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Old 07-20-2016, 02:36 PM
 
Location: Central Massachusetts
5,141 posts, read 5,456,691 times
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Quote:
Originally Posted by RiverBird View Post
Can someone who has started LTCi past the age of 65 please outline

- whether preexisting conditions are accepted

- what you pay in premiums per month (starting the policy past age 65)

- what exactly is your coverage - at what day does it kick in and for exactly how long and what it covers during that time

And... if someone has what they believe is a stellar plan from a company (not through their state), please if you would DM me the name of the company.

Generally 65 is too late but has been done. Premiums are quite high. If you do get it a general 1 year benefit would be 150k. Most popular company is John Hancock. You could ask an Ameriprise agent what is available. You can Google up FLTCIP an read through that site. They have some good videos and information.
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Old 07-20-2016, 05:14 PM
 
1,647 posts, read 957,278 times
Reputation: 5992
Quote:
Originally Posted by RiverBird View Post
Can someone who has started LTCi past the age of 65 please outline

- whether preexisting conditions are accepted

- what you pay in premiums per month (starting the policy past age 65)

- what exactly is your coverage - at what day does it kick in and for exactly how long and what it covers during that time

And... if someone has what they believe is a stellar plan from a company (not through their state), please if you would DM me the name of the company.
I can't answer all your questions but I will try to help.

I got mine just a few months after 65 - should have done it earlier. My husband got his 15 years ago (53) and pays around $1,300k annually with unlimited coverage. Mine is through a state partnership plan which was not available for him, but I pay 2k more than him annually for five year coverage and then Medicaid supposedly picks up with some of my assets saved. Mathjak explained it well previously. I have at least 4K coverage for facility or home care monthly now (and rising with the inflation rider) and my husband has much more now due to the inflation rider. Staying at home if possible is the main reason we got it as we can live on one level.

I could have chosen the 3 year plan for less but I have had many friends who had parents in LTC for years, although mine were not. I know the statistics don't say that but I unfortunately know many people personally who needed LTC. Strangely, many were in great health during their lives, lived to old ages and just became too frail to live independently.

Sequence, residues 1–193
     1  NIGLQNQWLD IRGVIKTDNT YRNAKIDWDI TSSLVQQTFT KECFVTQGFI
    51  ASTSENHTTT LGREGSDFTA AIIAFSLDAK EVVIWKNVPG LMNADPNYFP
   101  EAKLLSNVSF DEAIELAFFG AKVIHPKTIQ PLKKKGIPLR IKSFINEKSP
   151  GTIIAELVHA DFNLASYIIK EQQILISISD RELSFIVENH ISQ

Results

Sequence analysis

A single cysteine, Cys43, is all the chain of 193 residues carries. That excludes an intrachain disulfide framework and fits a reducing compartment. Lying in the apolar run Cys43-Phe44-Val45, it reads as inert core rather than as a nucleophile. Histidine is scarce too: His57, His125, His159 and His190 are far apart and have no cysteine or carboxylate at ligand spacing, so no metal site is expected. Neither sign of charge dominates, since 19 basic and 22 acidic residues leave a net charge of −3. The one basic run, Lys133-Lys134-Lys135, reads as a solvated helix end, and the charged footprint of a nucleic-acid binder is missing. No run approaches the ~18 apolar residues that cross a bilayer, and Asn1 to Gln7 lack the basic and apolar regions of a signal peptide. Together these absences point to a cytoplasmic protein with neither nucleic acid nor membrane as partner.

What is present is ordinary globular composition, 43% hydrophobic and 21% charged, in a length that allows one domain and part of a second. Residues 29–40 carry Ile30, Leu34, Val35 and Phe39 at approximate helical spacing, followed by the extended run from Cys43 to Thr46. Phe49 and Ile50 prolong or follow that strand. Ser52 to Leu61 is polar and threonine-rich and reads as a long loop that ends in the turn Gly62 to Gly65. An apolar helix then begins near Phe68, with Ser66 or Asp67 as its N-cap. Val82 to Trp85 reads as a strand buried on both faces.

Our policies both kick in at 90 days - remember Medicare pays for some of that time in rehab after a hospital visit.

It was really starting to bother me that I was not covered and I am irritated with myself that I did not do it sooner for less money. Everyone has their own viewpoint on this.

Keep in mind after 65 the insurance company usually sends a nurse to your home for a battery of memory tests, math exercises in your head, strength exercises, blood pressure and a health survey. Diabetes is not widely accepted as well as an overweight problem. The nurse was very interested in my exercise routine - how many minutes a day, how many days a week, etc., as well as volunteering and other activities. I am not sure about pre-existing high BP or taking medication for conditions as I don't have those issues.

I checked out John Hancock and Mutual of Omaha LTC. Different companies have various views on what ore-existing conditions they will accept.
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Old 07-20-2016, 07:26 PM
 
3,431 posts, read 3,549,737 times
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I would've loved to have gotten long-term care insurance, but by the time I was considering it, guess what--I had a newly diagnosed pre-existing condition. At least I have some current coverage, but it would've been nice to get a better plan together. If I do anything now, premiums would be quite high and I'm not sure if it'd be worth it.
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Old 07-20-2016, 07:34 PM
 
Location: Southwest Washington State
28,187 posts, read 18,555,171 times
Reputation: 44037
Quote:
Originally Posted by newtovenice View Post
This assumes that you are going to be a sickly, vegetable with a million health problems and that you run to doctors every second of the day.

How bout you just oh, take care of yourself?? Quite frankly, the reason these long-term care places exist are BECAUSE of the medical industry. It creates long-term patients for long-term gain.